Bionic Jellyfish Can Swim Three Times Faster Using Less Energy after Being Fitted with Tiny Prosthetic

How can humanity better explore the unknown regions of Earth's vast oceans? Some scientists say they have found a promising new method: bionic jellyfish.

A long-running project managed by scientists from the California Institute of Technology (Caltech) and Stanford University have shown a prosthetic can make jellyfish move about three times faster using less energy, and without causing any harm. Their findings are published in Science Advances.

Academics said jellyfish equipped with sensors could soon be directed to explore and record data about the ocean—aided in part by their abundance.

"Only a small fraction of the ocean has been explored, so we want to take advantage of the fact that jellyfish are everywhere already to make a leap from ship-based measurements, which are limited in number due to their high cost," John Dabiri, one of the lead researchers, said in a statement.

"If we can find a way to direct these jellyfish and also equip them with sensors to track things like ocean temperature, salinity, oxygen levels, and so on, we could create a truly global ocean network where each of the jellyfish robots costs a few dollars to instrument and feeds themselves energy from prey already in the ocean," he continued.

The prosthetic uses electrical impulses to impact the pulsing motion of the jellyfish and can boost movement speed from about 2 centimeters (0.8 inches) per second to 4 to 6 centimeters (1.5 to 2.3 inches) per second.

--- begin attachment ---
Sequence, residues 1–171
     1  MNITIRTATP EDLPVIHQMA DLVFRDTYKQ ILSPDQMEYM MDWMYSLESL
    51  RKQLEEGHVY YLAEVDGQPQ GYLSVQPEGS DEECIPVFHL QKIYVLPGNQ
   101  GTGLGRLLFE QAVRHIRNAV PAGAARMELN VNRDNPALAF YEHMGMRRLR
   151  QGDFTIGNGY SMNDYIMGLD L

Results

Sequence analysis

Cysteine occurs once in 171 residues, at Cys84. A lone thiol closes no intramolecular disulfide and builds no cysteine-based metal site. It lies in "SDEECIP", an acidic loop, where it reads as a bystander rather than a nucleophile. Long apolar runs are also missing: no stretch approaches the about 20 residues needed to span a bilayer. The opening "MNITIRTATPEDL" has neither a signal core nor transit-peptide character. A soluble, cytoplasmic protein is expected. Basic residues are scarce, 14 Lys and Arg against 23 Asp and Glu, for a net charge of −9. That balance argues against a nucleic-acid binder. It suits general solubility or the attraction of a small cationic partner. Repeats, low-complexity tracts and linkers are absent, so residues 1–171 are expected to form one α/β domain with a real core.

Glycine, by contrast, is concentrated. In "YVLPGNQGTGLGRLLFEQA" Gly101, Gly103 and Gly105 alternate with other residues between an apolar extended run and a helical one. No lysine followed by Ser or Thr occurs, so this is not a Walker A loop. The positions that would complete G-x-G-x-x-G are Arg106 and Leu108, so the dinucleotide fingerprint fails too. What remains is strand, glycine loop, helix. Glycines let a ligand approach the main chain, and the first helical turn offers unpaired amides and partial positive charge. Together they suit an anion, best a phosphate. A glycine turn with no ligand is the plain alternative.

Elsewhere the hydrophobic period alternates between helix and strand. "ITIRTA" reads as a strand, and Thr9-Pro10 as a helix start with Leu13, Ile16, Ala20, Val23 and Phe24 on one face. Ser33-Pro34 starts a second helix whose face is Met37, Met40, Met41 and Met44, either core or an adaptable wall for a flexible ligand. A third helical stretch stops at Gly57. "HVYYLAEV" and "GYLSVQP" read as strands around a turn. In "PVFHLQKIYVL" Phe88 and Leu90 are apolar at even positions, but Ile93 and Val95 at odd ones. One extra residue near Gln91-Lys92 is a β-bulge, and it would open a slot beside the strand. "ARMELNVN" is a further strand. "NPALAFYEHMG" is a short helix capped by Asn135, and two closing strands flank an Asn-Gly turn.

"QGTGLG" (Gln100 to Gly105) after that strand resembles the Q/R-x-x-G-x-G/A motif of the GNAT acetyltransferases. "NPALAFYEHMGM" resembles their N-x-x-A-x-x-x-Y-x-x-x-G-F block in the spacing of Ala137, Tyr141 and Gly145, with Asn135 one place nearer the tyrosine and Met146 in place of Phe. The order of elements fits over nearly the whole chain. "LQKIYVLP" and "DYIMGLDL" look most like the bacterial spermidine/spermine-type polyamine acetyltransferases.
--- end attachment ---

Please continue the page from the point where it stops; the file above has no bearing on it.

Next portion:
While the electrical jolts made jellyfish swim about three times faster than the usual pace, they also used less energy to reach that speed, scientists said. That figure was measured by the amount of oxygen they had consumed as they were swimming, researchers noted.

The jolts made the prosthetic-equipped jellyfish "1,000 times" more efficient than swimming robots, experts found as part of the research. Jellyfish do not have a brain or pain receptors, the team note. however, they are known display signs of stress. As a result, the researchers closely monitored their stress levels during the experiment and found none had been harmed.

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An artist's rendering of jellyfish augmented with the implant designed by Xu and Dabiri. Rebecca Konte/Caltech

Jellyfish are about 95 percent water and do not have large organs like many other species found earth or sea.

"Lacking brains, blood, or even hearts, jellyfish are pretty simple critters," the NOAA's National Ocean Service explains on its website, noting their tentacles do have the ability to sting.

The Caltech team said jellyfish used in their research, which has been ongoing since 2013, went back to swimming normally after the small prosthetic was removed.

"We've shown they're capable of moving much faster than they normally do, without an undue cost on their metabolism," Stanford University graduate student Nicole Xu, co-lead on the paper, said in the statement. "This reveals that jellyfish possess an untapped ability for faster, more efficient swimming."

Researchers said the prosthetic is currently able to make the jellyfish start swimming and control the pace, but the next step will be to create a way to guide their movement and respond to signals. In future, the team could potentially embed the prosthetic in a jellyfish's tissue, Dabiri said.

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Jellyfish swim at the Ocearium in Le Croisic, western France, on December 6, 2016. LOIC VENANCE/AFP/Getty